Next Two Congressional Hearings On Copyright Reform Show The Exact Wrong Approach
from the setting-it-up-as-a-fight dept
As Congress kicked off its latest effort towards comprehensive copyright reform, I noted some talking points that raised a really big concern: many in Congress appeared to suggest that copyright reform was a fight between “content creators” and “technology companies” and that any eventual result would be a balance between what those two sides were squabbling for. This is very concerning for a variety of reasons. First off, neither of those groups should be the primary concern of lawmakers. The Constitutional mandate for Congress when it comes to copyright is to “promote the progress of science” (the useful arts stuff is about patents…). The key beneficiaries are to be the public.
So, the first concern, obviously, is that if the focus is on “content creators” on one side and “the tech industry” on the other, the public is not represented. That’s a really bad idea. The second problem with setting it up as a battle between those two sides is that it suggests that what’s good for one side is bad for the other, and this is a push and pull whereby when one side wins something, the other loses, and the “ideal” result is one where both have to compromise. Thus, you get talk about how copyright law needs to “balance” the interests of “both sides.” Again, this ignores that there are a lot more than “two” sides here, but more importantly it ignores the idea that this is not a zero sum game.
The history of the tech and content industries shows that — while they often squabble about things — success goes hand in hand. Each and every major innovation from the tech world has resulted in greater opportunity for content creators. It’s getting old to say this over and over and over again, but a mere four years after Jack Valenti told Congress that the VCR would be “the Boston Strangler” to the movie industry, home video sales for Hollywood were bigger than box office sales. Technology isn’t anti-content creator — it opens up new and greater opportunities. The focus shouldn’t be on figuring out who has to “give up” what for “balance” but to seek out a scenario that is more likely to increase the opportunity for everyone (whether or not everyone grasps the opportunity may be a different story).
Thus, the key focus should be on what kinds of things should be in any copyright reform proposal that will “promote the progress” by building up those opportunities for everyone — increasing innovation, not locking it down. That means bringing together everyone to figure out how they can help each other and the public — not dividing them up and putting them on certain “teams.”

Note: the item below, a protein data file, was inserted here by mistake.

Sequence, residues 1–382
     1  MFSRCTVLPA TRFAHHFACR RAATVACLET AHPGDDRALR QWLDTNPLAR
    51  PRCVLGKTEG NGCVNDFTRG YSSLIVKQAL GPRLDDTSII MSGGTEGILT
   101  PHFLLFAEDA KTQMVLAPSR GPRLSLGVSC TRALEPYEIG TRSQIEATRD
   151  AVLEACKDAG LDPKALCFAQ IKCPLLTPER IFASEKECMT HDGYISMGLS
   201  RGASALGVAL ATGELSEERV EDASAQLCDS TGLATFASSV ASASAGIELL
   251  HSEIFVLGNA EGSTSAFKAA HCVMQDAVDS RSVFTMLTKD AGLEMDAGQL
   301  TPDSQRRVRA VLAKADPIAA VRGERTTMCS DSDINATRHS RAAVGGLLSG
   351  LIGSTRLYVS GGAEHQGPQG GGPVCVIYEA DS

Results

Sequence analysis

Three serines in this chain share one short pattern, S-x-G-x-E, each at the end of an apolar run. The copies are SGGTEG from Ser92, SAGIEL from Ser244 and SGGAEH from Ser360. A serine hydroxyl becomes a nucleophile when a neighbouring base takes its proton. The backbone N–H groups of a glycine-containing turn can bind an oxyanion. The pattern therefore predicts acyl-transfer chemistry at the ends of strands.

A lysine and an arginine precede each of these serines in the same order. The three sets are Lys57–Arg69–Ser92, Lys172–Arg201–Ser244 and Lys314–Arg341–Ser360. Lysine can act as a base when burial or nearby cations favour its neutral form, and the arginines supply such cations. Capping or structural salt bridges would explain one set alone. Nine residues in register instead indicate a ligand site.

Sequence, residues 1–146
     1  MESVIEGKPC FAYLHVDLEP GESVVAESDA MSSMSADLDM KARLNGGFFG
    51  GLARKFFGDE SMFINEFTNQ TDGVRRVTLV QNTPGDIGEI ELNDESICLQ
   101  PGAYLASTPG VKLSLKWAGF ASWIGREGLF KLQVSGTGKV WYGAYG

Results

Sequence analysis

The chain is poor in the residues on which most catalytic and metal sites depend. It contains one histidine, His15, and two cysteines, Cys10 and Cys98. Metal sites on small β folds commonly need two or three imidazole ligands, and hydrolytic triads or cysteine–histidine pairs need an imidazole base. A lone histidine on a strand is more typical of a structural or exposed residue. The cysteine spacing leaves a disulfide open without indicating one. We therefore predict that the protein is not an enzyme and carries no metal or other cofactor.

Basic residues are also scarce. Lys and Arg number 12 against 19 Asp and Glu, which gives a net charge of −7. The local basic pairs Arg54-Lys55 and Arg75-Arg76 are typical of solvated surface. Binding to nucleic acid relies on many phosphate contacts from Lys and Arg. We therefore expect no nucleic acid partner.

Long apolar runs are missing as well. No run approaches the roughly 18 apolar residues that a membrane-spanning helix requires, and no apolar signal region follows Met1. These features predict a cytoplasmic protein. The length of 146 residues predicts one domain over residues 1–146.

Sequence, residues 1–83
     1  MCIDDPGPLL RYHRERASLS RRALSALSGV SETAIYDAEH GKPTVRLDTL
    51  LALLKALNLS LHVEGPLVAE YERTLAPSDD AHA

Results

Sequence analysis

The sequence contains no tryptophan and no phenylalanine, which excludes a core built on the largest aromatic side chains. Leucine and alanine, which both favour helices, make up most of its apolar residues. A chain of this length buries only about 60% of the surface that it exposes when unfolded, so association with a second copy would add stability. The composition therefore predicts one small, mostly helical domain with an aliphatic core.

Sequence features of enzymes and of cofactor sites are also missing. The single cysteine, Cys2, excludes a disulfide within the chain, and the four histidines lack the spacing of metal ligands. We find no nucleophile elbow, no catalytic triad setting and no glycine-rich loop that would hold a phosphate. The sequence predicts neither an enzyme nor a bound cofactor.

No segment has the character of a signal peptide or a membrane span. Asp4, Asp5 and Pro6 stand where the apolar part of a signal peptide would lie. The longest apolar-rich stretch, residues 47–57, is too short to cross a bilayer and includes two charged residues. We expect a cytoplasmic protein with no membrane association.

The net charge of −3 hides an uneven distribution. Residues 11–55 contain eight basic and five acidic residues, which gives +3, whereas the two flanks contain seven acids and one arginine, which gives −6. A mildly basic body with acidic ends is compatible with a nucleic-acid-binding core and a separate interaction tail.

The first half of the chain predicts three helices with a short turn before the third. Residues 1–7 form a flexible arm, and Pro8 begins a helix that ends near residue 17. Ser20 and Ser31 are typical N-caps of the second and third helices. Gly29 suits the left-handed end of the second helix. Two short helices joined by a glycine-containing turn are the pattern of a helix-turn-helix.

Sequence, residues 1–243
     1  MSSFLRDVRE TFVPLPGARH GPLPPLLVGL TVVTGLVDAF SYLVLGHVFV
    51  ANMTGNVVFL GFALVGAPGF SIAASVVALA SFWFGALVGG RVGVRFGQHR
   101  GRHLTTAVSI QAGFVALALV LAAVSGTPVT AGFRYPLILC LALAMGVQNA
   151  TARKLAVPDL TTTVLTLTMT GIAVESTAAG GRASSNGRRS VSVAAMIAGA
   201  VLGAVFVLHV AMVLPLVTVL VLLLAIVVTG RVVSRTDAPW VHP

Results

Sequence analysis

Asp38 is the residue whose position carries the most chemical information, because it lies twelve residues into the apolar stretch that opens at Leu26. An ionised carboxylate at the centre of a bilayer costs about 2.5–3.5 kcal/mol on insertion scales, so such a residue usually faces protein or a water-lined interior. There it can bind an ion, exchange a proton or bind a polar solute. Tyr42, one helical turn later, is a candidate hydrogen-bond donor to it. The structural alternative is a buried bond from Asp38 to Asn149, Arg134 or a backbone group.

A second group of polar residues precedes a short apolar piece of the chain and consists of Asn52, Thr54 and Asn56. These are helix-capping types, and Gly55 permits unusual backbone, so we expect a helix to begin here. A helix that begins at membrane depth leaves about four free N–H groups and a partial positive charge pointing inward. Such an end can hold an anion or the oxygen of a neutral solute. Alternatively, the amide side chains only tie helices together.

But… this is Congress. And that’s not how Congress works.
Instead, we’re getting two separate hearings, one about how awesome copyright is, and another about how awesome technology is. As if those two things are in conflict.
Congress needs a fight between “this side” and “that side,” preferably with each side involving giant multinational companies with giant lobbying budgets. Because, when you have a fight like that, both sides ramp up their donations to Congress to make sure “their side” is heard. Congress loves to set up fights between two big wealthy industries, because that just means more money for them. This is also why this won’t be resolved any time soon (the longer you drag it out, the more money pours in).
So, it should come as no surprise at all that the next two hearings that the “Intellectual Subcommittee” have called are designed not to move the ball forward on real copyright reform, but rather to set up the “two sides” in the war. First up, next week, there will be a hearing on “Innovation in America: The Role of Copyrights.” The following week? Same thing, but “the role of technology” (official title hasn’t been released yet, as far as I can tell, but I’ve seen a few variations floating around, that basically just involve substituting “technology” for “copyrights”) — as if technology is inherently “anti-copyright.”
The end result will be lots of home team cheering from people who solidly identify with one side or the other, coupled with ragging on “the other side.” But there will be little or nothing to actually look at how those two “sides,” along with many others, can come together to best serve the public benefit in terms of furthering the incentives to have important cultural and intellectual works created, experienced and shared.